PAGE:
Heatmaps showing results of eyetracking studies on site visitors. Areas where visitors looked most are in red, yellow indicates fewer visitor views, while blue represents areas viewed the least.

Conclusion

If your site’s landing page does not appeal to visitors, all other promotional initiatives fail—simply because none of them convert.

SEO, PPC, email marketing, and even great products and services may not win your customer’s attention and faith without a good landing page and an overall engaging website.

And by paying attention to little details as explained here, it is not too difficult to make a great landing page. What better way to kick off your New Year—with positive hope of making a difference with your resolutions!

Check out other Crazy Egg articles by Ruchi Pardal

About 

Ruchi Pardal is Director of ResultFirst, a digital marketing firm that cares deeply about what its clients are getting for their investments.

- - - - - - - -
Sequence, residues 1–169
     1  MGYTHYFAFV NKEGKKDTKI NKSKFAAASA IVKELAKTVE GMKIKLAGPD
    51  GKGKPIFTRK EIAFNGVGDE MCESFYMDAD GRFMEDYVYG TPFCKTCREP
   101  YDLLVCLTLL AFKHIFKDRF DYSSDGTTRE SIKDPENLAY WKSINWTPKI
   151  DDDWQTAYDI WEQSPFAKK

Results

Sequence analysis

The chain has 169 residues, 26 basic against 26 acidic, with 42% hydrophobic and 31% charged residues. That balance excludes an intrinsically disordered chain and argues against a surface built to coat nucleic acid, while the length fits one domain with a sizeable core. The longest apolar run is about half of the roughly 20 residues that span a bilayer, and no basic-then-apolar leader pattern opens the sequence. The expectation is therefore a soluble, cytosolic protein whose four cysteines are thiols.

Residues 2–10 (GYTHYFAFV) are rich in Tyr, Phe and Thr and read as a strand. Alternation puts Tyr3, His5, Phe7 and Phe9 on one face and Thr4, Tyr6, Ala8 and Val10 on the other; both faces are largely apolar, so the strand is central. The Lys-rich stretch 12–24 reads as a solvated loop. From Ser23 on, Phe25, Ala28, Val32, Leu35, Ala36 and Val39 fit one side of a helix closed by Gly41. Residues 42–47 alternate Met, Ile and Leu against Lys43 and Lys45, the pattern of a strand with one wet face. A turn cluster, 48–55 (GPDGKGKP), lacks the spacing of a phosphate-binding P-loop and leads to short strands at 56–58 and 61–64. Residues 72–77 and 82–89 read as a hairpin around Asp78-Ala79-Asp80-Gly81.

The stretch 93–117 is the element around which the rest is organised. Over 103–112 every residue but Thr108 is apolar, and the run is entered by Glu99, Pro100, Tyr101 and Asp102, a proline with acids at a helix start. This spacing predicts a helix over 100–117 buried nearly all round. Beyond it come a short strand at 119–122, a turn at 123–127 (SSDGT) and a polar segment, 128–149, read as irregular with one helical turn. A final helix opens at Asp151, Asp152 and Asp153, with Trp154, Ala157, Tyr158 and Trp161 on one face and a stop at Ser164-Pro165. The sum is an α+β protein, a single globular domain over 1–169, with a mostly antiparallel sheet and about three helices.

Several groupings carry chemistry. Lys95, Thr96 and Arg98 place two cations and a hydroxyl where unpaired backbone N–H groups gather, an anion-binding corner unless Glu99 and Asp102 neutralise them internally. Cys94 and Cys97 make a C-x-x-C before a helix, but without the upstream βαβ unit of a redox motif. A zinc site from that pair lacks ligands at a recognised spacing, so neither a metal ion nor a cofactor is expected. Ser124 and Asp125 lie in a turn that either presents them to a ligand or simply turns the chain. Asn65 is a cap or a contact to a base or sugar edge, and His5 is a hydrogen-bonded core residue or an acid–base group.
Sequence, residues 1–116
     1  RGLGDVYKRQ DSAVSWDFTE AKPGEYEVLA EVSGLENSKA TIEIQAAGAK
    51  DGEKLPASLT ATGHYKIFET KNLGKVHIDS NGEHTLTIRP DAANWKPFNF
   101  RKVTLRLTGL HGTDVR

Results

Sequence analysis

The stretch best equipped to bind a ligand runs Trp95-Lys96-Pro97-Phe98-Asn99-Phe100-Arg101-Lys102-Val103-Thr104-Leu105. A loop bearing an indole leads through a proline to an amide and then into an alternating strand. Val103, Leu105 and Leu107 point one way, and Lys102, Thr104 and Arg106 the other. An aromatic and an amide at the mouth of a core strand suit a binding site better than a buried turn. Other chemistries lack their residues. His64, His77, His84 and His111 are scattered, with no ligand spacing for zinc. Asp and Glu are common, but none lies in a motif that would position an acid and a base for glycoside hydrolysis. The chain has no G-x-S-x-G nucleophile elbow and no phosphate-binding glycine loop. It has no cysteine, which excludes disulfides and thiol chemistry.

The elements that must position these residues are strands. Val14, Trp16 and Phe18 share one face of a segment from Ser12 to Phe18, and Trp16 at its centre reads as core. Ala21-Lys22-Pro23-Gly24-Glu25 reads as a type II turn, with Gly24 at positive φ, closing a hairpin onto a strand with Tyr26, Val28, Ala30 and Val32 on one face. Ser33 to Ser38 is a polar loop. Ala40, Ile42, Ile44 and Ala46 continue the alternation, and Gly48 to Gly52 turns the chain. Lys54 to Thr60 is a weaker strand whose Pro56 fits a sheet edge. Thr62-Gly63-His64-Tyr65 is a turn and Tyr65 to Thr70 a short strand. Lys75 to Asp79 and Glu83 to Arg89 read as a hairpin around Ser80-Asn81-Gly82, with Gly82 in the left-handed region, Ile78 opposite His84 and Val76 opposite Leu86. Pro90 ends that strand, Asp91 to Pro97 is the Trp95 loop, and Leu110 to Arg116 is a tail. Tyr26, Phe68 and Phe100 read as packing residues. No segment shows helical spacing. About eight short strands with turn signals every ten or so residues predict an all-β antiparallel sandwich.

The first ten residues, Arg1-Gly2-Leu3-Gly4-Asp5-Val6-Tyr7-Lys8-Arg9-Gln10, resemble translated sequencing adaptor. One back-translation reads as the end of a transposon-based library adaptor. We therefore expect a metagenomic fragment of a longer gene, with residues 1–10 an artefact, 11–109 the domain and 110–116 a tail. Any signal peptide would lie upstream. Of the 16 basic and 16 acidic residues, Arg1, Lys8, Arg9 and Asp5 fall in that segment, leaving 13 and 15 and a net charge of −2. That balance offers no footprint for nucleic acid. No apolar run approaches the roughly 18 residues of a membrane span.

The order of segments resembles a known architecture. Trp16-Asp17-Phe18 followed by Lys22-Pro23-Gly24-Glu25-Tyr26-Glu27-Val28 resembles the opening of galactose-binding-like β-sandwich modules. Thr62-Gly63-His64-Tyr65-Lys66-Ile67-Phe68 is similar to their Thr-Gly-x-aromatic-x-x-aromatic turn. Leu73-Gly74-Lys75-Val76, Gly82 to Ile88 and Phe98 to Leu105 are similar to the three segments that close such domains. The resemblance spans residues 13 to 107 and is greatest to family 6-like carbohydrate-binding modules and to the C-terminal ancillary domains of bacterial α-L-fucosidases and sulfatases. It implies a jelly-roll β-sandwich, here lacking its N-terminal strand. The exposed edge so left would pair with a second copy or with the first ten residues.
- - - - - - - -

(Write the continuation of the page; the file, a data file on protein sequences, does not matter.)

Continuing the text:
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2 COMMENTS

Tia Kelly

Thanks Ruchi for the Unbounce shout out! It’s good to keep these tips in mind all year. Little details often make a big difference.

January 17, 2014 Reply

Veeramanchineni Lalitha

Thanks for this post
it was helpful.

A good landing page maximizes conversions, but I’m interested in conversions as a result of good mobile marketing (or even how to tap into that market). Think you can talk about that and attribution modeling on your next post?

January 19, 2014 Reply